• LinkedIn uses real names that are tied to your employers, hence decreasing any unnecessary trolling on its platform.

Kevin also states how it’s the best platform to get engagement for textual content:

“LinkedIn is the best platform to get engagement when it comes to textual content. This distinction is super important. TikTok or YouTube shorts are the best for video content, Instagram for images, and for text, it is LinkedIn.”

Eli’s take — LinkedIn is losing its relevance as a true professional community

Eli agrees that LinkedIn has successfully managed to grow into a professional platform from a mere resume-sharing or job-hunting website. But in the quest to grow its social media platform, it is losing its core value proposition of being a safe space for professionals to network.

“I feel like in chasing growth, LinkedIn is doing things that will also lead to it not being the ideal professional network. It could eventually lead it down the road of Facebook, where it becomes more opinionated and polarized.”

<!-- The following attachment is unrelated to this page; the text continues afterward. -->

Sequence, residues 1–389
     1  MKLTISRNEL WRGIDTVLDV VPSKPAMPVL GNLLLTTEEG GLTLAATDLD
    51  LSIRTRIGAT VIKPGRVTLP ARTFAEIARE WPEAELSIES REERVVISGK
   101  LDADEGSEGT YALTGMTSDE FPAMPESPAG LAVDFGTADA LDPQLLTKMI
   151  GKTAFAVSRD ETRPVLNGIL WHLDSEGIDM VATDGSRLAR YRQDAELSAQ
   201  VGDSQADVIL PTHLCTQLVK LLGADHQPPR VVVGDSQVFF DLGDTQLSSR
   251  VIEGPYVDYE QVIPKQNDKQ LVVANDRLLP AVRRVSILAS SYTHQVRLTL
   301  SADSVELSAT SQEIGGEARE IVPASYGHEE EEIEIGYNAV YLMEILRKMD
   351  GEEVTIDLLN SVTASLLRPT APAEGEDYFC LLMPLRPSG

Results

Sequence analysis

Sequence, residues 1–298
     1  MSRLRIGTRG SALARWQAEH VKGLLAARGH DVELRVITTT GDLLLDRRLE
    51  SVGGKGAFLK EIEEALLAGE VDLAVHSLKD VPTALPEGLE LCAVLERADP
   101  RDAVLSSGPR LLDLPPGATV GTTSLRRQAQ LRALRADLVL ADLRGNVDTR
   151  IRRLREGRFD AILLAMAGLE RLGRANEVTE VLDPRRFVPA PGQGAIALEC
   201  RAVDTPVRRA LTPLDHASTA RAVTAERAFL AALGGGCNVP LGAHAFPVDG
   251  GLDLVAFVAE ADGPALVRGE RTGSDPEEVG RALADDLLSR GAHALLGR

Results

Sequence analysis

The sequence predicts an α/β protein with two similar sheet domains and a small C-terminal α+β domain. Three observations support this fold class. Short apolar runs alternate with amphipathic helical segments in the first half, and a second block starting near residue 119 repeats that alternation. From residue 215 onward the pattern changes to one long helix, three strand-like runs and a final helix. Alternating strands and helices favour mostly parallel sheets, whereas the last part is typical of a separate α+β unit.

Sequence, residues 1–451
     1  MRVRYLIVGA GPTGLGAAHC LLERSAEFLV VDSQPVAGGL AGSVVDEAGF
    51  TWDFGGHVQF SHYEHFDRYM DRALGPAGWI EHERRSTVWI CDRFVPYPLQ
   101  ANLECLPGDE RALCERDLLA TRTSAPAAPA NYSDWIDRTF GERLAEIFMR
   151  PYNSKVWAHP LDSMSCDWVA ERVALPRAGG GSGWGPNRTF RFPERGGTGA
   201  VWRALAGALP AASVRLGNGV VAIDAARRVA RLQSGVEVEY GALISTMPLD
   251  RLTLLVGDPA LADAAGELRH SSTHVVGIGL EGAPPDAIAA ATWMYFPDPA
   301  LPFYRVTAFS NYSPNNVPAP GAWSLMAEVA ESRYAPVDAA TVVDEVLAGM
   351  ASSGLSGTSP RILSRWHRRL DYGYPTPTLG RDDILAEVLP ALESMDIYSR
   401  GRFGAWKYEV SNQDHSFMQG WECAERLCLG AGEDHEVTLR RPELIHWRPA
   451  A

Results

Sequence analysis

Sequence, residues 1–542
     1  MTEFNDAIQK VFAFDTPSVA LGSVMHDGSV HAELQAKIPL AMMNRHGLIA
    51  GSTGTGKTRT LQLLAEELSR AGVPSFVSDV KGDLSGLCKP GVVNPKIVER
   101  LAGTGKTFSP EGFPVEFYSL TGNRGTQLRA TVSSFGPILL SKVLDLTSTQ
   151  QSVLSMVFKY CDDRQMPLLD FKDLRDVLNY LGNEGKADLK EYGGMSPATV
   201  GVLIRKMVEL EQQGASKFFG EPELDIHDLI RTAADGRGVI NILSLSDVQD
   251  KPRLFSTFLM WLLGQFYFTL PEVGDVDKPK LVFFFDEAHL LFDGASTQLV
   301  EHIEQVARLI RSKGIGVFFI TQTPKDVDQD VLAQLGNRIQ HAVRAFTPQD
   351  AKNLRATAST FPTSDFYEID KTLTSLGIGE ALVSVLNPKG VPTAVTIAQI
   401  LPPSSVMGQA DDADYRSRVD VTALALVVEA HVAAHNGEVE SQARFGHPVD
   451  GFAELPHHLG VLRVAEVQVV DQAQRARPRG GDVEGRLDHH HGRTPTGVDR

Eli also shares concerns about how LinkedIn’s drifting away from its ‘no-political discussion’ stand. To explain, he compares it to how workplaces would react to political commentary versus LinkedIn:

“People that have minority opinions. Let's say you didn't support the cause that most of your network supported. So now it's no longer the same comfortable place.

Now, does this happen in any typical workplace? It happens less where politics is out in the open, and people are made to feel uncomfortable.